Editor’s note:This review is collaboration between two reviewers who are physically about ~7000km apart but throught the magic of the internet we present you with their findings on Team Group Memory in this roundup. Our US reviewer John Cook has tested 2 sets, while Berry, a freelance tester, put his hands on 4 sets. JNAV's text is in white, Berry's comments are in a different color
"Take nothing on its looks; take everything on evidence. There's no better rule."(Charles Dickens, Great Expectations). While open to some interpretation, we bring forth this quote to give context to and also justify our existence here are Madshrimps, as well as illuminate the importance for the end users to gather as much data about prospective purchases from MANY sources in an effort to learn more about such products.
While gathering information for some is easy and almost trivial. For others the journey is more difficult, especially when attempting to find information on products that are relatively new, or a company is somewhat new to our community. With that in mind, let me introduce you to TeamGroup
. Founded in 1990 in Silicon Valley, USA and later incorporated in Hong Kong in 1998; Team Group has recently begun an added push into the high performance PC sector and the overclocking community. I remember last fall when I reviewed G.Skill memory when that company was a relative unknown, and I’m getting similar good feelings from this company; that they are continuing a trend of Taiwanese manufacturers to bring forth excellent products at excellent prices.
I was contacted in fact by an old friend from G.Skill who now works with Team Group. He introduced me to a very nice lady from Team Group and set forth the process for me to review 2 kits of memory. The TXDR2048M500HC25DC(Infineon CE-6) and TXDR2048M500HC3DC(Micron -5d F) sets. Each set is rated at PC4000 meaning 250mhz or 500mhz effective frequency. Timings for each kit are relatively good considering the memory speed, but it’s not default settings/timings I’m really interested in.
Berry started looking about 3 months ago for a 2Gb kits to feed his need in applications such as PhotoShop, 3Dmax and others. After looking through the listing of available kits from many known brands he stumbled upon TeamGroup. He ordered two 2Gb kits:PC4000 TXDR2048M500HC3DC 3-4-4-8 Samsung UCCC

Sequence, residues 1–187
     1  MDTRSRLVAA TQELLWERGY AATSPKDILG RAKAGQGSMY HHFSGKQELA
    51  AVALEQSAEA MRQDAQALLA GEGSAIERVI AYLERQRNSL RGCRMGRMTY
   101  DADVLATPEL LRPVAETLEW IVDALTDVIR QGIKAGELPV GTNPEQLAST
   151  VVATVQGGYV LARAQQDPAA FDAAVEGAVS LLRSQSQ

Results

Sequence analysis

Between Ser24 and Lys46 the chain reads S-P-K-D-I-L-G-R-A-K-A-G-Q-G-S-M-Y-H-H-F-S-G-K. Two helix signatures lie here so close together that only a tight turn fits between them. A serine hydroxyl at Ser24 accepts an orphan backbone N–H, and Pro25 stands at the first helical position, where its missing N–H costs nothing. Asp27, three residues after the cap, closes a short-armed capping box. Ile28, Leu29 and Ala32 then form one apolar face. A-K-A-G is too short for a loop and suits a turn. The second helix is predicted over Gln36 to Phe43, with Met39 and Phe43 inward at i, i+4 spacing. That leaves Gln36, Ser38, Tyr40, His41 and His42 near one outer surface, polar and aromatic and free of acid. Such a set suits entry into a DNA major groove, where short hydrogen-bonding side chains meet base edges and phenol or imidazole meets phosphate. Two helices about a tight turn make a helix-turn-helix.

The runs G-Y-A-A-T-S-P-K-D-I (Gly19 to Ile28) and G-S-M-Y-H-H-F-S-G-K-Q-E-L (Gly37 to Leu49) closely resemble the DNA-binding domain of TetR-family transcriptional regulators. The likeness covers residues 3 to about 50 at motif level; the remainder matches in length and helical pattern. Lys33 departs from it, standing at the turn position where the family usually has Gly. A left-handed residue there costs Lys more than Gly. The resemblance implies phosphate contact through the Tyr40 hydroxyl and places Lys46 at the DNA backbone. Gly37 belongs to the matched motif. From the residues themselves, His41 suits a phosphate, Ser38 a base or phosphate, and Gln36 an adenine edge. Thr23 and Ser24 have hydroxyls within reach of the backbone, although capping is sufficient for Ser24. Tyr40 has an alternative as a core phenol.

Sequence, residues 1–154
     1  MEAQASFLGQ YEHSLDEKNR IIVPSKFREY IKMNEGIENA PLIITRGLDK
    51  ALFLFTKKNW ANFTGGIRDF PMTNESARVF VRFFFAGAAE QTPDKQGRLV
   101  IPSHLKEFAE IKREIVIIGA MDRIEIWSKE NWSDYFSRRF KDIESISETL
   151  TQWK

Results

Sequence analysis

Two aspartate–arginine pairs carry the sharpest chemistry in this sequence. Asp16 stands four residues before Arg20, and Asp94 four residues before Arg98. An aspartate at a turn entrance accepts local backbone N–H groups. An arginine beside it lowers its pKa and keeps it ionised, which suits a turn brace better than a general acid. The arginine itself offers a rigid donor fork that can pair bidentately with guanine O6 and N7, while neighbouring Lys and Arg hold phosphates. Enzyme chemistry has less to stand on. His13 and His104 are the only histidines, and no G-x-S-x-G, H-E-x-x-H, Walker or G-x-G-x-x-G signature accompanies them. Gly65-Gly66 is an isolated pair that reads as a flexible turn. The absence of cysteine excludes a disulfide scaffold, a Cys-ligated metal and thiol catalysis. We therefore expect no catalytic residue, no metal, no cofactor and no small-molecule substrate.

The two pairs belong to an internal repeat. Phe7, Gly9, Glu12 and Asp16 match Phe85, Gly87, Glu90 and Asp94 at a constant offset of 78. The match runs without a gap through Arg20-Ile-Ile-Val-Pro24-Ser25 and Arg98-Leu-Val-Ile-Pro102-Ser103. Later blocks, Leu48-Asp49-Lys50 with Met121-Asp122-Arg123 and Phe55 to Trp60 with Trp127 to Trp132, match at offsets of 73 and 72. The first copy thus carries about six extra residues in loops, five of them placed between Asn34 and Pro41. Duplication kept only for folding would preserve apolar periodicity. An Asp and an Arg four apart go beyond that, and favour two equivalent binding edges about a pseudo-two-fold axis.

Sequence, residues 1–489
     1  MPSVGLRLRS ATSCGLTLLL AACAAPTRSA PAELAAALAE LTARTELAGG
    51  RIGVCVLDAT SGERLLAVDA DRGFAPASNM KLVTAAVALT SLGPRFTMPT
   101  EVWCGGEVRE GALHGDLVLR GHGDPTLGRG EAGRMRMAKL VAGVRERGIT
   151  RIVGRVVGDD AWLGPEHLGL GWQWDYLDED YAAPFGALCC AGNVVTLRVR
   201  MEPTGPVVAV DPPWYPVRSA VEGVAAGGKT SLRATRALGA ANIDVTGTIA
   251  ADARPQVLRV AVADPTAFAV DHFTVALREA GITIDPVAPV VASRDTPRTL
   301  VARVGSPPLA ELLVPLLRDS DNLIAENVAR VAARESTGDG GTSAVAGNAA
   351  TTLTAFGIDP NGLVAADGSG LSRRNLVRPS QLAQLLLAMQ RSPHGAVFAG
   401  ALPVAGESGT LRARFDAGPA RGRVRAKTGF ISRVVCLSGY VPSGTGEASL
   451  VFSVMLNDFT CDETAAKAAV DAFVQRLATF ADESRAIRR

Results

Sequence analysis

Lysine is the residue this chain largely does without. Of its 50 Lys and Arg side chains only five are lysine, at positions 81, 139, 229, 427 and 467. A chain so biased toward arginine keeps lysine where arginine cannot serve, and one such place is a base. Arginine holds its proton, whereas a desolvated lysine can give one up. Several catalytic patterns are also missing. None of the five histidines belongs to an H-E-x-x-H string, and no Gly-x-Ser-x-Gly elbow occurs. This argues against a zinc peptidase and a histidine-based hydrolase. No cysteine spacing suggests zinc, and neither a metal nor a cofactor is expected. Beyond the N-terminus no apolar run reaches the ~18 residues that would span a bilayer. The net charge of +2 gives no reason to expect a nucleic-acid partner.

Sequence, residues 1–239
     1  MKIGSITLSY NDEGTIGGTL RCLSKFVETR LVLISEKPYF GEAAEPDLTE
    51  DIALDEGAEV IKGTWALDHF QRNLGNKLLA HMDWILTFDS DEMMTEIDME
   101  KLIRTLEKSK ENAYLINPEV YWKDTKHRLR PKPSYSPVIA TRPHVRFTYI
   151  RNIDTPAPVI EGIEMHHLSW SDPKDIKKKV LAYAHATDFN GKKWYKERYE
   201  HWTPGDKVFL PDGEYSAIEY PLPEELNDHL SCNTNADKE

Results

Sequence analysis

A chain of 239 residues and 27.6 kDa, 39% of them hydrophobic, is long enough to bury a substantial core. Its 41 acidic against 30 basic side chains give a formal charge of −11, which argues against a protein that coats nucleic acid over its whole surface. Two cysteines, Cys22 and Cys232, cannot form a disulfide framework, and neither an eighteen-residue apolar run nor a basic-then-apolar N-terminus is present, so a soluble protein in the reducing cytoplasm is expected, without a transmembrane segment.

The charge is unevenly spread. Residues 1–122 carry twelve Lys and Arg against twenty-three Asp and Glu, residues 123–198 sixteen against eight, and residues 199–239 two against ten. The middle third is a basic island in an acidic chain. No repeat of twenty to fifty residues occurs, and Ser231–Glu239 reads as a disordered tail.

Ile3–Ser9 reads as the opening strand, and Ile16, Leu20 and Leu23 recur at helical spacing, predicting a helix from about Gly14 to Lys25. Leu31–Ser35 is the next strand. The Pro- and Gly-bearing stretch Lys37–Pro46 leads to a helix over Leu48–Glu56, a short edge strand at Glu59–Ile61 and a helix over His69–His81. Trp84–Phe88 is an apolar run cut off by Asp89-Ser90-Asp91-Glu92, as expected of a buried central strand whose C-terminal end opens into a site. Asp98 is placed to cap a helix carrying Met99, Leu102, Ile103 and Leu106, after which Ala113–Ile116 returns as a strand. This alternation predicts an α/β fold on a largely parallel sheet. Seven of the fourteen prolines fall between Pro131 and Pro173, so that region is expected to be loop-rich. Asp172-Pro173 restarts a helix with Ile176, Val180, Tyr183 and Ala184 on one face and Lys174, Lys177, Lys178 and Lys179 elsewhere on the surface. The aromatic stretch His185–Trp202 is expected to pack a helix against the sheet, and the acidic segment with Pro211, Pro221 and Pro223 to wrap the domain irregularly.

PC3200 TXDR2048M400HC2DC 2-3-3-5 Infineon BE5
Unfortunately he ran into a compatibility issue with the Infineon based modules in his Shuttle SK83; after having spoken with TeamGroup’s customer support he decided to order 2 extra 2Gb kits which had different modules that those he had already purchased:
PC4000 TXDR2048M500HC3DC 3-3-3-8 Micron based
PC3200 TXDR2048M400HC25DC 2,5-4-4-8 Team labeled
So Berry ended up with 4 pairs of modules totalling 8Gb. Using his main workstation based on the DFI RDX200 CF-DR motherboard he was eager to find out the performance of his recent purchases.
To be honest, I and most of my friends are quite bored running things at default. While certainly we expect companies to build a quality kit of memory that meets specifications, we also expect a certain amount of “headroom” or overclockability. My fun in overclocking is more the journey and not always the destination, meaning I generally have more fun with the process than the result. Headroom however can be a very grey area, and expectations from one end user to another differ. Furthermore, I’ve noticed a very disturbing trend in various forums I frequent. There is almost a retaliation by end users against a company they purchase from when their product doesn’t meet their sometimes over-inflated expectations, whether it’s the products fault or not. What I really wish to impress upon the reader is that while I consider our reviews here at Madshrimps to be completely valid and legitimate, I do not wish the end user to base their expectations solely on this or any other websites review. Instead these articles are to be used as tools upon which to help base a purchasing decision, not as the sole and or total descriptor of what this and eventually your memory will perform like. In the end, each kit is different, and different platforms as well will produce different results. Remembering back to my first G.Skill article my Athlon 64 Winchester CPU limited my overclock, and often people are inclined to blame their ram and not their platforms when goals are not met.